In 1984 I decided to get serious about a career in photography and this meant buying more reliable camera equipment. Nikon had earlier in the year released the FE2 camera, one of the first 35mm Nikons to have 1/250th of a second sync speed and TTL flash metering. I bought one, and soon afterwards I bought an FM2 body as a backup camera. along with the Nikkor 35-105mm zoom lens and a Nikkor 24mm f2.8 prime, I began photographing real estate, events and even the occasional wedding. In 1987 about the time I was getting really serious about my career, I bought my first medium format camera, a Hasselblad 500CM with an 80mm lens. The Nikon FE2 and FM2 kit along with the Hasselblad kit and some old Bowens 400E studio lights were my main kit through the late 1980s and into my photographic studies at Wellington Polytech in 1989.
On finishing my studies I went on to become about news photographer on the Community Newspapers in Christchurch; about this time I bought a Nikon F4s, Nikons first fully autofocus SLR camera. My lens choice also moved onto a set of fast AF primes and the Nikon 80-200mm f2.8 one touch. Later on I also bought a pair of Nikon F100 cameras. My first digital Nikon was the D70s followed soon afterwards by the Nikon D200 and the Nikon D3. Nowadays I use Nikon D810 cameras; aside from the fact they are a relatively quiet camera, the D810 has the advantage of being able to shoot both 36-megapixel and 9-megapixel RAW files. I also use a mix of Nikon zoom and primes lenses ranging from 14mm to 300mm. My original Hasselblad 500CM died in a accident at a beach in Christchurch many years ago, and so now I am using a Hasselblad 503CX with and 80mm and a 50mm lens for my personal work. I still use Bowens lighting equipment, but now I use late model Gemini 500-Pro lights with battery packs. I also use a small collection of Nikon speedlights and one heavily modified Sunpak 120J.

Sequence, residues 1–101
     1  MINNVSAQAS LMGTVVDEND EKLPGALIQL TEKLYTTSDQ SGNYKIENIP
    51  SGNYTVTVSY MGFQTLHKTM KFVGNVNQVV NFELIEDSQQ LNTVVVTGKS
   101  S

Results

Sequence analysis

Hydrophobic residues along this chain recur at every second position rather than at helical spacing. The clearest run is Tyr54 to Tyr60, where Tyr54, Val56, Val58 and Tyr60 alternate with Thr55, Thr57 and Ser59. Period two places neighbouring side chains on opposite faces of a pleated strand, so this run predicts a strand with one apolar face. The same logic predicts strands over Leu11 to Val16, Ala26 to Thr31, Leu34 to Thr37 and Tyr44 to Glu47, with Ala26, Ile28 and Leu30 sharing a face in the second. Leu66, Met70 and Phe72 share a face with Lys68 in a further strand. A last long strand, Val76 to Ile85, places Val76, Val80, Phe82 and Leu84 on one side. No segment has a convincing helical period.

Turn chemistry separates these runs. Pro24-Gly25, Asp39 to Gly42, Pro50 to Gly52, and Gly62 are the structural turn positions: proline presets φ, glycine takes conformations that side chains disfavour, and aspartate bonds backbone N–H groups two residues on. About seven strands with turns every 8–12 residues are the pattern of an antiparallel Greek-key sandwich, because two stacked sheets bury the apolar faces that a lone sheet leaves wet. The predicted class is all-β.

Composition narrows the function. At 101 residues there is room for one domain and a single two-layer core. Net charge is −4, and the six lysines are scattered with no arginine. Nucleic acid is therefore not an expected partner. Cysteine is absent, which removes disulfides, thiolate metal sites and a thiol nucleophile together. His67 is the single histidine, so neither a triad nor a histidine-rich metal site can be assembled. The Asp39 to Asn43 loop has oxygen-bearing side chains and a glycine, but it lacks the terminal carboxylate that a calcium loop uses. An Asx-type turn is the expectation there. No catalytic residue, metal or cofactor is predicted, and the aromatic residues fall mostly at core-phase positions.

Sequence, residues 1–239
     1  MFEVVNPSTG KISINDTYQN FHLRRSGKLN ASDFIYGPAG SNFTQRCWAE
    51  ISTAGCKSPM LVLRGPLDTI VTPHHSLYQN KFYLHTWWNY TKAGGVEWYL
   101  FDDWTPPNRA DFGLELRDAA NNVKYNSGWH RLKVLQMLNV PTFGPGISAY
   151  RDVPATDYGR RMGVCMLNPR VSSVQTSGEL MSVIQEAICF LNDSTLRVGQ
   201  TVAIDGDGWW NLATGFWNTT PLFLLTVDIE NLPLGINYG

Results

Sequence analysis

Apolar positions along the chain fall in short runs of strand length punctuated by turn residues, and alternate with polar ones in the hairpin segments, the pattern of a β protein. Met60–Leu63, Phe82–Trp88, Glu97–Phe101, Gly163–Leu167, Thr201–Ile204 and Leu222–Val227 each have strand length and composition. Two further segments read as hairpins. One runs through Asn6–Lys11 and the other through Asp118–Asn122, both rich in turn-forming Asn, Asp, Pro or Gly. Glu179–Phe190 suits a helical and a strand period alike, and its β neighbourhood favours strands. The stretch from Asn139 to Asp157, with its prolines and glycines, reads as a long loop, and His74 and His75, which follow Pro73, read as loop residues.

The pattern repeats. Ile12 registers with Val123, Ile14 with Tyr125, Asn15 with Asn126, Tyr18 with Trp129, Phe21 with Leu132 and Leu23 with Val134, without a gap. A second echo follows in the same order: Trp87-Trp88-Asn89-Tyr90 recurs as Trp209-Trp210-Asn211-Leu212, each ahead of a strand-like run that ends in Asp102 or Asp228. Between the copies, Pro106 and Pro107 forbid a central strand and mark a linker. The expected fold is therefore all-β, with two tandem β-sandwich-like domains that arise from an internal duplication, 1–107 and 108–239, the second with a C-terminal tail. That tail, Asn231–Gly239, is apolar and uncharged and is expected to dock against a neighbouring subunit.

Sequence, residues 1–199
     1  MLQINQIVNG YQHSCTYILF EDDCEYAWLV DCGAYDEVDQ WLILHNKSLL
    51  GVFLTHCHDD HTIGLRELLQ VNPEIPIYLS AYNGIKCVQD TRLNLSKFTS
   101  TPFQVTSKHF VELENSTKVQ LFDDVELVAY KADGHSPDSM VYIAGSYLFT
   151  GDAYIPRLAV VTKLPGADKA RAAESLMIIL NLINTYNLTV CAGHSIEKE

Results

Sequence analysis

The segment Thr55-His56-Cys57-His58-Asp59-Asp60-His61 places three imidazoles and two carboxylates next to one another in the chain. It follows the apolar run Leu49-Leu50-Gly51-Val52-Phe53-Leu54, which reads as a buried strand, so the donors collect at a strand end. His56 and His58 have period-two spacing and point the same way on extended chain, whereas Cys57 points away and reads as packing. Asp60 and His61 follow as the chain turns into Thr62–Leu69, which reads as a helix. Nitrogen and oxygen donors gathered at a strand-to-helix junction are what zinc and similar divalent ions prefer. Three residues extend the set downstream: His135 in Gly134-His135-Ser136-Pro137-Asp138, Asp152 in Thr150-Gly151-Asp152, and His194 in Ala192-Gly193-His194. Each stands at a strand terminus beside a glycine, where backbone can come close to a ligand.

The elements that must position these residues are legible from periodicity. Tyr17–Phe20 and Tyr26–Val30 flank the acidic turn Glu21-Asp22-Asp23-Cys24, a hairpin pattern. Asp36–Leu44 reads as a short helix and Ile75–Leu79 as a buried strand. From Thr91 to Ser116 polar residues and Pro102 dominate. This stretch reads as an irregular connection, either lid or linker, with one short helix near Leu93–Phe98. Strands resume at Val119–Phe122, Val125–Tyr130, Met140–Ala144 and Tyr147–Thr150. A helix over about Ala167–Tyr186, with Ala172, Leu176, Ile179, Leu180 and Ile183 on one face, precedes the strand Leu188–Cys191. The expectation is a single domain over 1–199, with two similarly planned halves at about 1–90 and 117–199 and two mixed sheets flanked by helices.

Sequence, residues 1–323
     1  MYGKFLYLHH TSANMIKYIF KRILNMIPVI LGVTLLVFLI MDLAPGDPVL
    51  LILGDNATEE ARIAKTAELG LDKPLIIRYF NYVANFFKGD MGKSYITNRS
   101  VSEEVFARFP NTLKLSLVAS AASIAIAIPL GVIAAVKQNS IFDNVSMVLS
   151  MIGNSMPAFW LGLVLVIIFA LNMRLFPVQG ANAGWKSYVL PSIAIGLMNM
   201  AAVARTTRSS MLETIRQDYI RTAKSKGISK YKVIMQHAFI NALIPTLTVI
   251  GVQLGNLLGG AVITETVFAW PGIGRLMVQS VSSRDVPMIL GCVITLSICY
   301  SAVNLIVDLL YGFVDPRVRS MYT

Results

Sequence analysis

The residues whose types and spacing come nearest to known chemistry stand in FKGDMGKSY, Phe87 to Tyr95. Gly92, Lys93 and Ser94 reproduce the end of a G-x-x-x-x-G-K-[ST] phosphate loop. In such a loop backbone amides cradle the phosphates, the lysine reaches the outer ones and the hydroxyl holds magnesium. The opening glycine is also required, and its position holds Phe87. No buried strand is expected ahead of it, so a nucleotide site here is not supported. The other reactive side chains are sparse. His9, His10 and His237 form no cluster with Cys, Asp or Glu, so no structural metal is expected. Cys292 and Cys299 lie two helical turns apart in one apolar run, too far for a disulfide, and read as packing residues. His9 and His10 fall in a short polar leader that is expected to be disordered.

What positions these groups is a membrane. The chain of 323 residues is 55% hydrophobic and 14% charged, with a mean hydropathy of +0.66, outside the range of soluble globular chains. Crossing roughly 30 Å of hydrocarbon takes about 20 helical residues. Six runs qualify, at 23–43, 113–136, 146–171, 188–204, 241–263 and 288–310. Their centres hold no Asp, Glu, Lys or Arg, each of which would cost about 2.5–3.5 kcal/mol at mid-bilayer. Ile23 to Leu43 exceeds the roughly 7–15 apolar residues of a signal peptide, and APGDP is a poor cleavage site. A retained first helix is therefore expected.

My choice of camera bags include the Domke f803 satchel, the Think Tank Urban Disguise 60 v2 bag, the Tamrac Ralley 6 Messenger Bag and a Tamrac waist bag.